Throughput Accounting: Decisional Informational Support for Optimizing Entity Profit

Throughput Accounting: Decisional Informational Support for Optimizing Entity Profit

Sorinel Căpușneanu (Dimitrie Cantemir Christian University, Romania), Dan Ioan Topor (1 Decembrie 1918 University, Romania), Mirela Cătălina Turkeș (Dimitrie Cantemir Christian University, Romania) and Ileana-Sorina Rakoș (University of Petrosani, Romania)
Copyright: © 2019 |Pages: 30
DOI: 10.4018/978-1-5225-7712-6.ch002
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This chapter illustrates some aspects of the theoretical and practical implications of TA for optimizing the profit of an entity. The main objectives of this chapter are to present a comparative analysis of the managerial implications between throughput accounting and some managerial accounting methods, hybridization attempts with other methods, as well as its advantages and limitations in the current context of implementation and profit optimization an economic entity. Based on the literature, the authors present the main approaches and the historical evolution of the throughput accounting, the principles of TA and TOC, as well as a comparative analysis between traditional accounting and TA. The chapter ends with the authors' conclusions on throughput accounting and its implications on management accounting methods, opening up new directions of future research aimed at highlighting various theoretical and methodological aspects encountered in academia or business environment.
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Over the past 40 years, new philosophies such as Throughput Accounting (TA) or Theory of Constraints (TOC) merged to create new alternatives to monitor and measure the performance of manufacturing companies. According to their historical evolution, the two approaches go from different concepts, but the specialists identified a general framework of integration and merging that opened a new stage in understanding some aspects that were later ignored in substantiating managers' decisions. Comparative analyzes at the level of implementation and implementations of the integrated framework of the two approaches have demonstrated their viability as an informational and decision support. Starting from the general framework of traditional cost accounting, the ways to create a common framework for integration and hybridization of the two approaches are presented and analyzed with some of the most discussed managerial accounting methods and techniques such as Activity-Based Costing (ABC) Direct-Costing (DC), Six Sigma, Lean Accounting. It also analyzes and presents the opinions of the specialists on the viability of their integration, the impact of the managerial implications, but also the opinions and conclusions of the authors of this chapter. The main objectives of this chapter are to: (1) identify and clarify aspects related to Throughput Accounting (TA) and Theory of Constraints (TOC); and (2) identify integrated systems of accounting for Throughput Accounting and managerial implications which involves them.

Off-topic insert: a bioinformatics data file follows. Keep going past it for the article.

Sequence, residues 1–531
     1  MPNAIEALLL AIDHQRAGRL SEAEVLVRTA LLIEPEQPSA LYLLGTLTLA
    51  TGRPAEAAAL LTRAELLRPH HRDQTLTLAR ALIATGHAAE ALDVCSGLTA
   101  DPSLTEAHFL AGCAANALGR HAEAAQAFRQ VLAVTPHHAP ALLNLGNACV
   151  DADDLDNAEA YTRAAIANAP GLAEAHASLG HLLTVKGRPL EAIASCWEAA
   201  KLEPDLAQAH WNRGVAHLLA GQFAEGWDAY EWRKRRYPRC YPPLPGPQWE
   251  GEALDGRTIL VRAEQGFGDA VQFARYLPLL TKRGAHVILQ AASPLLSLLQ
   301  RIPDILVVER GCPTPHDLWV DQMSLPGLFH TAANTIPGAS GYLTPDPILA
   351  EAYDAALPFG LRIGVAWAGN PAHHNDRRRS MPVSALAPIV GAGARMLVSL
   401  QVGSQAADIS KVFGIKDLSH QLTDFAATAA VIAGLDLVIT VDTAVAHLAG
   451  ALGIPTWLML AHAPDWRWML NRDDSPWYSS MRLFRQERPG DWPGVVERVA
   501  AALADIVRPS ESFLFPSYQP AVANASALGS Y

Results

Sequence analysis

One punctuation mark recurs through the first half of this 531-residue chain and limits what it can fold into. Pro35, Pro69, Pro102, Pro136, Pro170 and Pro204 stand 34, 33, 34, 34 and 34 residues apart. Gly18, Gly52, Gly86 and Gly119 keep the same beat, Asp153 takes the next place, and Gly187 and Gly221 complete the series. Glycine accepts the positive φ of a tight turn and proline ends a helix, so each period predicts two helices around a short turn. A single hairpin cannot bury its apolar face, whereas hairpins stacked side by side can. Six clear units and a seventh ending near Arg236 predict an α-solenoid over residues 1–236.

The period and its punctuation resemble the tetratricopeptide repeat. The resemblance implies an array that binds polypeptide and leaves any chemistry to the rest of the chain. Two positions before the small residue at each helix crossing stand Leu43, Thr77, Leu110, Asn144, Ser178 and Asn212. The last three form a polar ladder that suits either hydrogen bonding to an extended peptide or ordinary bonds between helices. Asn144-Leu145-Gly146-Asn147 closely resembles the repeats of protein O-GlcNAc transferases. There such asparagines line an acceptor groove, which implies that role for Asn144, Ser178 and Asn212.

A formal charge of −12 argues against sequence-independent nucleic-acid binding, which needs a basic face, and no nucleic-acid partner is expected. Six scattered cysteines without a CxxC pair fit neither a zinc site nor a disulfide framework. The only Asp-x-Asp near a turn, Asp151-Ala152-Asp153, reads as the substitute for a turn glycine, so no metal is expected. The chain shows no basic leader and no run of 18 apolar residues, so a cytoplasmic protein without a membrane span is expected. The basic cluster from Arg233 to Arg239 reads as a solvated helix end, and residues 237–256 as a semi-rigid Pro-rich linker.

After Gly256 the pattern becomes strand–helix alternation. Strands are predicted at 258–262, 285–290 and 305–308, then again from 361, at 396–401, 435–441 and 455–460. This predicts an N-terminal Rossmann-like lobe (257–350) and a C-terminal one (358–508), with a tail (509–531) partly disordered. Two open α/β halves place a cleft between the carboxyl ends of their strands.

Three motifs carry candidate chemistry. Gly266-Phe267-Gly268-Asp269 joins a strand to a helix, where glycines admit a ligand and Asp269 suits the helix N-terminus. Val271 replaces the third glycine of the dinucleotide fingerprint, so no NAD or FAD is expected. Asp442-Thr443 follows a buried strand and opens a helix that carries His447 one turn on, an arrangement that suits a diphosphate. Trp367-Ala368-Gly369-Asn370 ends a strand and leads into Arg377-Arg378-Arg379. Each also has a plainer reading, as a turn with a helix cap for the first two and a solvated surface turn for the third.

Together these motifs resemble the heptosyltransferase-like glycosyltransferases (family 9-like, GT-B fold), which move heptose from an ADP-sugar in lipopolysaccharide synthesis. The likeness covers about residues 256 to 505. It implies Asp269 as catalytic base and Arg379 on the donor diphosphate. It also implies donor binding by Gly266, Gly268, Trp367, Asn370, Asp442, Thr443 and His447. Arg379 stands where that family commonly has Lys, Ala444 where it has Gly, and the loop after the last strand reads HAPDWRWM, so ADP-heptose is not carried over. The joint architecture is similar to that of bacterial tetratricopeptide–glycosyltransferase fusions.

Key Terms in this Chapter

Value Stream (VS): A sequence of processes through which a product follows all the steps necessary for transformation and delivery to the customer.

Return on Investment (ROI): Indicator that measures the gain or loss generated by an investment relative to the amount of money invested.

Mix Integer Linear Programming (MILP): Linear program where some variables are required to take whole values and occur naturally in many applications.

Direct-Costing (DC): A specialized form of cost analysis that takes into account when determining the result only the variable costs and not the fixed costs that are considered as costs of the period.

Six Sigma (SS): Managerial approach focused on a team that aims to improve performance by eliminating waste and defects. Improving performance and reducing process variation leads to the reduction of defects and improved profit, employee morale and product/service quality.

Value Stream Costing (VSC): Process of identifying and setting costs for all stages of the process needed to deliver value to the customer. It is a function that helps determine the value created by each stage of the process.

Lean Manufacturing (LM): Business management tool that focuses on reducing waste from production processes.

Lean Accounting (LA): Advantage of poor production that attempts to eliminate waste from a company's capital resources by applying principles of manufacturing the company's weak financial function.

Value Stream Profit and Loss (VSP&L): Lean reporting specific situation in which the return on the flow of value is provided by the flow of value less the indirect costs.

Throughput Accounting (TA): Integrated system based on principles used in consolation theory (TOC) accounting for performance measurement.

Activity-Based Costing (ABC): An accounting method that identifies the costs of (indirect) activities and then allocates these costs to the products. Allocation of product costs to products is done through cost drivers.

Theory of Constraints (TOC): Organizational change method centered on improving profit. Philosophy is that each organization must have at least one constraint. A constraint is any factor that limits the organization from making more efforts, usually profit.

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